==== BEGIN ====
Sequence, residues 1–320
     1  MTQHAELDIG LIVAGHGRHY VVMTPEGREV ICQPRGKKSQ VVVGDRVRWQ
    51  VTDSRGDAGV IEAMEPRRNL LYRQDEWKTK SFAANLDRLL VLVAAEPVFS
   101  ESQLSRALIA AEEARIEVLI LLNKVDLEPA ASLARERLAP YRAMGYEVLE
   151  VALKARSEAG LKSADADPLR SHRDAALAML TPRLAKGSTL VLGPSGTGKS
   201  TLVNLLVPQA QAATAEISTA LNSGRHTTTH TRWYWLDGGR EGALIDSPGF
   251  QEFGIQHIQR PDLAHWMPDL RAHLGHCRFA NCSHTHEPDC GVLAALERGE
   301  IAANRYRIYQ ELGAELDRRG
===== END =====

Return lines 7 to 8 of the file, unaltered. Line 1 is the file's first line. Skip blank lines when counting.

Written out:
   251  QEFGIQHIQR PDLAHWMPDL RAHLGHCRFA NCSHTHEPDC GVLAALERGE
   301  IAANRYRIYQ ELGAELDRRG